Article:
Beryozka (Russian retail store)
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Beriozka (Russian: Берёзка, lit. "little birch tree") was the overall name applied to two chains of state-run retail stores in the Russian SFSR that sold goods in exchange for foreign currency. Beriozkas sold luxury goods such as chocolate and caviar that were often unavailable or unaffordable in traditional Soviet markets and shops. In English-language advertisements and signs, the spelling was always "Beriozka" rather than the more conventional transliteration "Beryozka." The Soviet ruble was not internationally convertible and the government needed foreign hard currency to buy goods and services from abroad and the Beryozka shops were an efficient source of hard currency.
One chain belonged to the Vneshposyltorg (Foreign Mail Order Trade) and was intended for Soviet citizens who received some of their income in foreign currency. The foreign currency had to be exchanged for ruble-denominated Vneshposyltorg cheques, either by the recipient or by government intermediaries.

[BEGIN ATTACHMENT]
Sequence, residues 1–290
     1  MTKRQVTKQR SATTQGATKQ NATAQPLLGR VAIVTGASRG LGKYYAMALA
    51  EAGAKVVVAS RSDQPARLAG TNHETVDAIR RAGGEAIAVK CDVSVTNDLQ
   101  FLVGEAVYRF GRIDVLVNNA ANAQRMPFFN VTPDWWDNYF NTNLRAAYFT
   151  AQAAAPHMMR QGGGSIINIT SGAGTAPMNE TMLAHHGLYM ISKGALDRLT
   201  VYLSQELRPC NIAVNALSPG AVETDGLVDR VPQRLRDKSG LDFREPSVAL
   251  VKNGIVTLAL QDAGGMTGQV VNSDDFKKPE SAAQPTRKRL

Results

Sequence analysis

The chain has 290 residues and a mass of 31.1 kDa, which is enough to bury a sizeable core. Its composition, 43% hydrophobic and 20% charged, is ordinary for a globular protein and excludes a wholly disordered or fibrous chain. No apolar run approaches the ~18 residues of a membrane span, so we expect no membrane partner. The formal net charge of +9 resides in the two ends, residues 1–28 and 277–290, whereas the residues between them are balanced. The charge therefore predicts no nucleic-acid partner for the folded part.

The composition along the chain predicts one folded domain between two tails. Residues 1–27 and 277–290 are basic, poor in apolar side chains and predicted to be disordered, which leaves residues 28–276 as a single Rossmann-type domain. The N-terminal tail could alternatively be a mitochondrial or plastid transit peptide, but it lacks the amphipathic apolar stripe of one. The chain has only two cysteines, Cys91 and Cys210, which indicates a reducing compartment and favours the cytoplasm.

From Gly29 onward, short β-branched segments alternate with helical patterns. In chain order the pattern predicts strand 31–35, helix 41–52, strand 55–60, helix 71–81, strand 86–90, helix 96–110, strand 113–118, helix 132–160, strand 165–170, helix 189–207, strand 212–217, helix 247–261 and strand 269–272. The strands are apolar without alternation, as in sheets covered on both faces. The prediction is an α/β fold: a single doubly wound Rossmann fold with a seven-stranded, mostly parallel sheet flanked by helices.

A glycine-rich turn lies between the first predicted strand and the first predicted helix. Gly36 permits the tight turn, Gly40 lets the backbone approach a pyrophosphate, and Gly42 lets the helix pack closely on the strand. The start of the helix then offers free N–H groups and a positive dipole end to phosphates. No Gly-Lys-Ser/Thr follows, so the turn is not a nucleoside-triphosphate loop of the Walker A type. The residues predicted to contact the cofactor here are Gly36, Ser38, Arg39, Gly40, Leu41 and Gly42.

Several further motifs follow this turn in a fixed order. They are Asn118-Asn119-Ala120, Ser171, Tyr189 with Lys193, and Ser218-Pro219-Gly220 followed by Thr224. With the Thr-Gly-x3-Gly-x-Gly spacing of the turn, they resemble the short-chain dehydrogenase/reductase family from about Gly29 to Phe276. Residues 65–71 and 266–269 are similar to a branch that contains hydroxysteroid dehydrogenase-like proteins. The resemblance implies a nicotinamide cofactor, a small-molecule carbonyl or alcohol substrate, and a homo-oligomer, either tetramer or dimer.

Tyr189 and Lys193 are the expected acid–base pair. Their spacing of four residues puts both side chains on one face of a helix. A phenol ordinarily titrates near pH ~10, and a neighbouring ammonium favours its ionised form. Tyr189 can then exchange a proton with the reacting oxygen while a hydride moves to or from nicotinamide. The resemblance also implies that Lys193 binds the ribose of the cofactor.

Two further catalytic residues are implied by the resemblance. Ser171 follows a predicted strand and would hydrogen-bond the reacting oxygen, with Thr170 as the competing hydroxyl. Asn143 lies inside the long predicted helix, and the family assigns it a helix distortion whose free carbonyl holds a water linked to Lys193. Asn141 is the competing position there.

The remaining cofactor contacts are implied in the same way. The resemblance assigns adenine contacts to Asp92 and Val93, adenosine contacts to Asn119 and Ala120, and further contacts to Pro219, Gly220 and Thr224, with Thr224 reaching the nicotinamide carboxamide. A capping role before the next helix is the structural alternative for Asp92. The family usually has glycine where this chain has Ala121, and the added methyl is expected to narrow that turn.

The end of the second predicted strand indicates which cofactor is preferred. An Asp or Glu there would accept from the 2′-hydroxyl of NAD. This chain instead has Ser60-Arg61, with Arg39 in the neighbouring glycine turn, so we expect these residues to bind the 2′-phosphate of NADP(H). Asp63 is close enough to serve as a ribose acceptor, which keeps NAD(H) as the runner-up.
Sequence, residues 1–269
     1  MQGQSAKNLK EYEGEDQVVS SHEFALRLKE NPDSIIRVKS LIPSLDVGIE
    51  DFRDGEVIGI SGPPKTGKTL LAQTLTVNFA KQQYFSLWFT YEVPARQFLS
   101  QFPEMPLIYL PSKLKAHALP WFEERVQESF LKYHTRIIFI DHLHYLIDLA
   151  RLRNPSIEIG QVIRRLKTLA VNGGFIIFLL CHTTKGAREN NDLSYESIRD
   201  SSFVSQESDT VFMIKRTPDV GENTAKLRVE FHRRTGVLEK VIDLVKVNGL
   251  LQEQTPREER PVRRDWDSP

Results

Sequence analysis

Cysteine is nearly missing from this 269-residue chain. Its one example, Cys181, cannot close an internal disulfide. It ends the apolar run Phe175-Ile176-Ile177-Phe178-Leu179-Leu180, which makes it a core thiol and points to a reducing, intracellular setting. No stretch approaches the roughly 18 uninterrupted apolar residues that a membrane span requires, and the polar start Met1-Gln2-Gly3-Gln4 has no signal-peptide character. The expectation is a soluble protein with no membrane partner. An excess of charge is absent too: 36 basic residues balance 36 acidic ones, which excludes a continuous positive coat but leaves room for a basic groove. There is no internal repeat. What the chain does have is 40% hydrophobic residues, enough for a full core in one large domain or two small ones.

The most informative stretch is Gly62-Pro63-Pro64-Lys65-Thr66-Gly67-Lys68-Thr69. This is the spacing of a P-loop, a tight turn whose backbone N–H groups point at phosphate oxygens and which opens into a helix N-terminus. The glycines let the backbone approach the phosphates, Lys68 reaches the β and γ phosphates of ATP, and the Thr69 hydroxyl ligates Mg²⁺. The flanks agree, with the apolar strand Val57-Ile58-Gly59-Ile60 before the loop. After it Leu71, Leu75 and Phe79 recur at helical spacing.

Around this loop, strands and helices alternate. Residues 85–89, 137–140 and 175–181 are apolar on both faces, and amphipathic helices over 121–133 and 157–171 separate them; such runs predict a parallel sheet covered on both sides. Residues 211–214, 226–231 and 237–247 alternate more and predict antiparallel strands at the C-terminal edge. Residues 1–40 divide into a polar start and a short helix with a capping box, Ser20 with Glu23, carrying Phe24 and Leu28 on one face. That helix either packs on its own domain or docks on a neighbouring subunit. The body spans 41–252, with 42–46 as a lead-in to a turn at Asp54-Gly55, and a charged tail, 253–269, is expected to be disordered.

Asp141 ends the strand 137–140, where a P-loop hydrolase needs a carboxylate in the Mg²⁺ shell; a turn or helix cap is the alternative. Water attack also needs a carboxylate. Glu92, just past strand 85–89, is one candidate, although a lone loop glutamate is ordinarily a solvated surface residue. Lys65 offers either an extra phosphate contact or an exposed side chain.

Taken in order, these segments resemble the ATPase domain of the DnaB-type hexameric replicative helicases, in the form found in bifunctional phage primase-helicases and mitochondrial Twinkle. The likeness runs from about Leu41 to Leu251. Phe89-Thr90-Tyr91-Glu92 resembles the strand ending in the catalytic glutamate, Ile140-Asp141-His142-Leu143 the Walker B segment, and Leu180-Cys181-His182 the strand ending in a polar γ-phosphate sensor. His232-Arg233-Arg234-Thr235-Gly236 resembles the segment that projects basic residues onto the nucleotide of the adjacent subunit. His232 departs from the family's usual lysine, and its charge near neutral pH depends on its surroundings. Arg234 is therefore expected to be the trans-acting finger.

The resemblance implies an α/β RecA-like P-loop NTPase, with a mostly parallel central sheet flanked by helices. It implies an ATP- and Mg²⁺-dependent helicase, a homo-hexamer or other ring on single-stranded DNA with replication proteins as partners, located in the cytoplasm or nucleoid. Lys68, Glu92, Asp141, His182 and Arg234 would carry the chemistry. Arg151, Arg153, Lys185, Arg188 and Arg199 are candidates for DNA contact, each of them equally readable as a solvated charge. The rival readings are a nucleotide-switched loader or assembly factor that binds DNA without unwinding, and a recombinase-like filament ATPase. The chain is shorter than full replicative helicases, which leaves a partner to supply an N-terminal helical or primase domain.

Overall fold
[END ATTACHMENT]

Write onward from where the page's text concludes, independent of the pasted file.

The other chain sold goods directly for foreign currency and for Vneshtorgbank series D cheques. Only foreigners and Party apparatchiks were allowed access to these shops.
The foreign currency stores were named Beriozka only in the territory of the RSFSR. In other republics of the Soviet Union different "national tree" names were used. For example, foreign currency stores were named Kashtan (Chestnut) in the Ukrainian SSR, Ivushka (a tender diminutive for "iva", ivy) in the Belarusian SSR, Chinara (Oriental plane) in the Azerbaijan SSR, and Dzintars (amber) in the Latvian SSR. Beriozka stores were present only in the major cities, most prominently Moscow.
There were also separate Albatross stores in Soviet port cities, such as Vladivostok, that sold goods to Soviet sailors returning from abroad. The Albatross stores sold goods for Torgmortrans cheques issued by the Department of the Soviet Naval Fleet in exchange for foreign currency earned by the sailors.
Beriozka stores were opened in 1964. Their predecessors were Torgsin stores of the 1930s and the highly ineffective Vneshposyltorg departments of the large Soviet department stores (e.g. State Universal Store) that allowed catalog mail order from abroad by customers paying in hard currency.
Beriozka stores became obsolete in the early 1990s when the ruble became fully convertible with other currencies. The stores were privatized and in the mid-1990s most were closed as uncompetitive.
Many other socialist countries had similar retail chains, such as Intershops in the German Democratic Republic or Friendship Stores in the People's Republic of China, Pewex in Poland, though some of these systems allowed anyone with foreign currency to shop there.